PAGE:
Promoting Sales


First stage marketing strategies should focus on sales promotions that will attract immediate customers and selling methods that will ensure repeat business. First stage companies can also benefit from sales and promotion activities, but with a focus on short term rather than long term benefits. Ideas include:

  1. Invite a local newspaper to write an article on some unique aspect of the company.
  2. Invite television reporters to cover a special event sponsored by the company (fund raising drive, a banquet honoring an employee, or the introduction of snappy new product).
  3. Start a charity book collection drive at local schools.
  4. Sponsor a young people’s athletic team.
  5. Sponsor a civic band or float in a local parade.
  6. Donate materials, space, or services to community theater groups.
  7. Sponsor a paper, glass, aluminum, or plastic recycling drive.
  8. Get behind a social cause.
  9. Donate used computers, office equipment, etc., to local schools, hospitals, or welfare agencies.

My Consultancy–Asif J. Mir – Management Consultant–transforms organizations where people have the freedom to be creative, a place that brings out the best in everybody–an open, fair place where people have a sense that what they do matters. For details please visit www.asifjmir.com, and my Lectures.

Corporate Philanthropy


Corporate philanthropy is the modern expression of the charity principles. The stewardship principle is given meaning today when corporate managers recognize that business and society are intertwined and independent. This mutuality of interests places a responsibility on business to examine care and social concern in formulating policies and conducting business operations.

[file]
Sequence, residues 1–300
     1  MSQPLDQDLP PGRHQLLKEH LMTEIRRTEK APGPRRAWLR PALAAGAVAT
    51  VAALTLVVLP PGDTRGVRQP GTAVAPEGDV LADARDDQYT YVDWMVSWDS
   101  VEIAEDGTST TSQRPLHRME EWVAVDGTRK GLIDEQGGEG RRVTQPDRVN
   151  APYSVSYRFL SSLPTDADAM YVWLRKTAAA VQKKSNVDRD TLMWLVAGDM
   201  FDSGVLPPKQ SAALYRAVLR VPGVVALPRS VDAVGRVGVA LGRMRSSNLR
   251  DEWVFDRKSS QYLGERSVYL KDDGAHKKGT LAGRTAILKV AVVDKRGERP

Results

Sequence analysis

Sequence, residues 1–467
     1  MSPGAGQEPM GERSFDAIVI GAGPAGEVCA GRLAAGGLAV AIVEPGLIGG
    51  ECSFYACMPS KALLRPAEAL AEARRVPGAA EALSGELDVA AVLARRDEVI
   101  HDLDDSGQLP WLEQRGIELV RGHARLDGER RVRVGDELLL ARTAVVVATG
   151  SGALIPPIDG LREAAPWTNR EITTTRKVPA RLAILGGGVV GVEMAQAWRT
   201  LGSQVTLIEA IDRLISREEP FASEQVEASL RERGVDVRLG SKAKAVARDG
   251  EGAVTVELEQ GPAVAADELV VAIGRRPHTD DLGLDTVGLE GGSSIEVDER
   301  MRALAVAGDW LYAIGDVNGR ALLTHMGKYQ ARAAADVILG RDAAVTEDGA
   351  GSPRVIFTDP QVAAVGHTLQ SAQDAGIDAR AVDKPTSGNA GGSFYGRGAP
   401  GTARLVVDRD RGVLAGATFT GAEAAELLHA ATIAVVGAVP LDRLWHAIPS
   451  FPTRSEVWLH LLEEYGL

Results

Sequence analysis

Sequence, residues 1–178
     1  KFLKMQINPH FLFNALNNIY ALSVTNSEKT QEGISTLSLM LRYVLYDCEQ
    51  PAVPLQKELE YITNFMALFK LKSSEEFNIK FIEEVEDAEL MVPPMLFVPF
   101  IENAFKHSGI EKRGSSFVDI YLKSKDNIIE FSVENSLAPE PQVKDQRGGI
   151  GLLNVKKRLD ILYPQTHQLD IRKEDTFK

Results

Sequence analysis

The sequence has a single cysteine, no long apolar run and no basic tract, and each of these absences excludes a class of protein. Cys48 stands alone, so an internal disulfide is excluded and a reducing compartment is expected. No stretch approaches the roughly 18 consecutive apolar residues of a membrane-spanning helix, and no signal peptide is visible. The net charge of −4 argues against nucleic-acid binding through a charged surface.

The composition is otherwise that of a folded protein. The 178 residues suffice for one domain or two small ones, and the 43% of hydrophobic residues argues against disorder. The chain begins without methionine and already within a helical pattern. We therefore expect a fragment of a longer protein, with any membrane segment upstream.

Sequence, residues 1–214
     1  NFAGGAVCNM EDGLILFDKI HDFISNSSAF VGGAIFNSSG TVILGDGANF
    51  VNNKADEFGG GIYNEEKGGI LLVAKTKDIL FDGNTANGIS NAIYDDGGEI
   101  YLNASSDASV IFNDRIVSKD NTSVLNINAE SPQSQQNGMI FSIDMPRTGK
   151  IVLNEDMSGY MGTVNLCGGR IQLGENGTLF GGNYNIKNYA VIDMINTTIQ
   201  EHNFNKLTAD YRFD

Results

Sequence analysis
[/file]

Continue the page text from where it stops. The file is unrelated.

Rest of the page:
My Consultancy–Asif J. Mir – Management Consultant–transforms organizations where people have the freedom to be creative, a place that brings out the best in everybody–an open, fair place where people have a sense that what they do matters. For details please visit www.asifjmir.com, and my Lectures.

Vision and Profit Potential


Profit is your reward for serving others. In business, profit is what you earn from offering good products and services at a price. In non-business, profit may be number of people you help to learn and live better. Profit to a charity may be the number of people helped; and to trade association, profit may be its service to members. Always, profit represents the good you do.

Regardless of your vision/dream, you want to harvest the maximum profit because profit is the way results are measured.

Potential counts big. Each person has several talents. A key to the good life is selecting and developing one’s best talent. A path to a sad life is doing something we know is wrong. As you select a vision—a dream—ask, “How much satisfaction will implementation of your dream give others?”

There is nothing right or wrong with money. Money is simply (a) a tool you use to energize and direct human activity, and (b) a device for keeping score. On one hand, money builds and operates schools and hospitals and runs our government. On the other hand, money finances crime, bribe those in trusted positions, and corrupts some people in government, in education and others areas of human endeavor.